Risk Factors for Stroke
There are a number of conditions that may raise the risk of having a stroke or TIA, and are collectively known as risk factors.
The more risk factors one has, the greater the chances of having a stroke. Some risk factors may be controlled, while others cannot.
Some major risk factors for stroke are:
- High blood pressure: this is the primary risk factor for stroke. Any sustained blood pressure at or above 140/90 mmHg (millimeters of mercury, the unit of measurement for blood pressure) is considered high blood pressure. For patients with diabetes or other ailments, blood pressure at or above 130/80 mmHg is considered high
- Smoking: smoking raises blood pressure and damages blood vessels, and may reduce the levels of oxygen to the cells of the body
- Diabetes: the risk of cardiovascular disease and stroke more than doubles in individuals with diabetes
- Heart disease: many forms of heart disease increase the risk of formation of blood clots that can cause stroke
- Brain aneurysm or AVMs: these increase the risk of stroke; AVMs may not be detected until a rupture occurs
- Age and gender: risk goes up with age. Younger men and older women are likelier to die from strokes
- Race and ethnicity: African American and Native American adults are at higher risk of stroke than Caucasian, Hispanic, or Asian American adults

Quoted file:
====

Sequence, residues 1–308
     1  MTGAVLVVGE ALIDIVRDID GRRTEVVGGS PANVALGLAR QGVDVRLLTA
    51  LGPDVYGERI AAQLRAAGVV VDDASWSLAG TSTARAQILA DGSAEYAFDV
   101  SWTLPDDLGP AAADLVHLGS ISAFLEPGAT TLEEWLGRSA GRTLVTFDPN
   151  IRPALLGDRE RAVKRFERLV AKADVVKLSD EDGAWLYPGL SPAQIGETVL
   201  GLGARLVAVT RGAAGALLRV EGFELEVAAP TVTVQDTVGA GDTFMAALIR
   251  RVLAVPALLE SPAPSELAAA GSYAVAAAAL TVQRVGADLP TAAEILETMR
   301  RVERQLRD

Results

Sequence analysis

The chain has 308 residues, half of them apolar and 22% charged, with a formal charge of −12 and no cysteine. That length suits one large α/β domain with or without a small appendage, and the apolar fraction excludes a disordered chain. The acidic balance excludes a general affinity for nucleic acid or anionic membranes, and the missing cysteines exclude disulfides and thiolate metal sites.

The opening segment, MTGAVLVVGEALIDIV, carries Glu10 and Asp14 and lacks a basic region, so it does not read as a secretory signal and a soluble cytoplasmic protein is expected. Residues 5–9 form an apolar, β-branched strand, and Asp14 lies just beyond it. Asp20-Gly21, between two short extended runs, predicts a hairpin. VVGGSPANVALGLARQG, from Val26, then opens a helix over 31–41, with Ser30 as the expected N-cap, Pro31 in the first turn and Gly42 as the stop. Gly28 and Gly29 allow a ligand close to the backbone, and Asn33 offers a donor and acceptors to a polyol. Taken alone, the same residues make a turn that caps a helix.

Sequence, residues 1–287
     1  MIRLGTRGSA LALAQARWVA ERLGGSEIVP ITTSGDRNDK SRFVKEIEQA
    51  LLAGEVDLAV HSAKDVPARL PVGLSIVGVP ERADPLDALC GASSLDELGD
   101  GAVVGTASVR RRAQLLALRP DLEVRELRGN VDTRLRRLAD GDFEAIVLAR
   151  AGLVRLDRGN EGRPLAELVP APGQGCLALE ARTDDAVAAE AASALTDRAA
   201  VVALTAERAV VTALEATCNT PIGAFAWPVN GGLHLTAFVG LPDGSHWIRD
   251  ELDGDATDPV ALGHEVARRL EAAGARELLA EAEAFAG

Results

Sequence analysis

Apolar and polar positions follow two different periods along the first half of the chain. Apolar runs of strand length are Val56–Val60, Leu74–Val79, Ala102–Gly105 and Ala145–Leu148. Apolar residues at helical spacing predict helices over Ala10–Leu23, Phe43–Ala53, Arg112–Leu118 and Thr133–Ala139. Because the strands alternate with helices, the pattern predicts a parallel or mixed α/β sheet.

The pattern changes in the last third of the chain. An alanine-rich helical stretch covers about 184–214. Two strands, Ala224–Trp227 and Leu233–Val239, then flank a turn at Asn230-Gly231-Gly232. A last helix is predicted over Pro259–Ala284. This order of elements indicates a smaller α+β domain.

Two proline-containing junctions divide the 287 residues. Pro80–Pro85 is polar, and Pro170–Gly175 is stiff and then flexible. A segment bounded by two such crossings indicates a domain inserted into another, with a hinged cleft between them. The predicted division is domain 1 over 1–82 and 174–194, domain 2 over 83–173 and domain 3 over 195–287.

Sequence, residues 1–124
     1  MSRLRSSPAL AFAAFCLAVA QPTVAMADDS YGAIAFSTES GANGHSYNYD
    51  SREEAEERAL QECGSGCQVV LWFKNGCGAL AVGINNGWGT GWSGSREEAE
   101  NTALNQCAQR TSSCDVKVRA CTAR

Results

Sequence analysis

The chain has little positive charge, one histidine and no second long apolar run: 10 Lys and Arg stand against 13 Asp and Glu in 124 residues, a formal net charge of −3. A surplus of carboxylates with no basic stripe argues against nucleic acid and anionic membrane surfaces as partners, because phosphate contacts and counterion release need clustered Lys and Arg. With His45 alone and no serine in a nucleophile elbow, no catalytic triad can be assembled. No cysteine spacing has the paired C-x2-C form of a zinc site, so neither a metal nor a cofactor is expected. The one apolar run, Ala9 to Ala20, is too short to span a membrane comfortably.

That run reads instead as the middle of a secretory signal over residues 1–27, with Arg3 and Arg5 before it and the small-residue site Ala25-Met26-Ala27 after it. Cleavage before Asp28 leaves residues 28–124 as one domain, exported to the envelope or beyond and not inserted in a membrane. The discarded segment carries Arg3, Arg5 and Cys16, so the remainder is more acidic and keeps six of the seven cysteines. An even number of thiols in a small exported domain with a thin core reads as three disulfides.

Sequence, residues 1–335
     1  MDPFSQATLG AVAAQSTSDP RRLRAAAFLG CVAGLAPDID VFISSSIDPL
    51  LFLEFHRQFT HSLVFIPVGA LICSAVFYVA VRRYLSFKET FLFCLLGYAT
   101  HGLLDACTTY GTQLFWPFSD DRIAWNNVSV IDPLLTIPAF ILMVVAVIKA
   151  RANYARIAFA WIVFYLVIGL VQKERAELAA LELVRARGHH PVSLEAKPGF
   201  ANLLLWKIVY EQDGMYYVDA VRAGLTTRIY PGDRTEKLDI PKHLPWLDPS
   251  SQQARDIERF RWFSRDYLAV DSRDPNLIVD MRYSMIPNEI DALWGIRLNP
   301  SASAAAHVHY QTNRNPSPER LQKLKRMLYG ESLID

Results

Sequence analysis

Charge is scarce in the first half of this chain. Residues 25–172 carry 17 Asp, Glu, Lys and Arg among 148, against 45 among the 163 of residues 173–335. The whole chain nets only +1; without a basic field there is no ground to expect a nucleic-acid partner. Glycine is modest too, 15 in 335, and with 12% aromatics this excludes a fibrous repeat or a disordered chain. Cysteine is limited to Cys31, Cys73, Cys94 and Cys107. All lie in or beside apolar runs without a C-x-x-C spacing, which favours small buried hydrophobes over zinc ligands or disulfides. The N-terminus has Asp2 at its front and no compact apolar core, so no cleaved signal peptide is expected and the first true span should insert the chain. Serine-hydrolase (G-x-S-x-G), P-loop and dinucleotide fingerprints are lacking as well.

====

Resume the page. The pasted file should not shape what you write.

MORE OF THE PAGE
- Family or personal history: having a stroke increases the risk of having another, as does a family history or stroke or TIA
- Medical conditions such as sickle cell anemia, vasculitis (inflammation of the blood vessels): these and other bleeding disorders increase the risk of stroke
There are a number of lifestyle risk factors that an individual can control, including:
|Alcohol consumption||Cholesterol levels|
|Drug abuse||Unhealthy diet|
|Lack of exercise||Obesity|
Adopting a healthy lifestyle may help reduce risk of stroke.
Risk Factors for Women
In addition to the traditional stroke risk factors a woman may have, there are also unique risk factors for women, including:
- Taking birth control pills: birth control pills can nearly double the risk of stroke, particularly in women over the age of 35 years
- Pregnancy: a woman’s risk of stroke increases during even normal pregnancy because of changes in blood pressure and stress on the heart
- Hormone replacement therapy: this therapy used to relieve the symptoms of menopause can increase the risk of stroke
- Thick waist (>35.2 inches) and high blood fat (triglyceride) level (>128 milligrams per liter): may increase the risk of stroke five-fold
- Migraines: migraines increase the risk of stroke three to six times in women
Women may experience stroke differently than men, and it is important to recognize the unique symptoms of stroke in women.
You can contact the Northwestern Stroke Center at 312-926-5188 or by the external transfer line at 312-926-3321.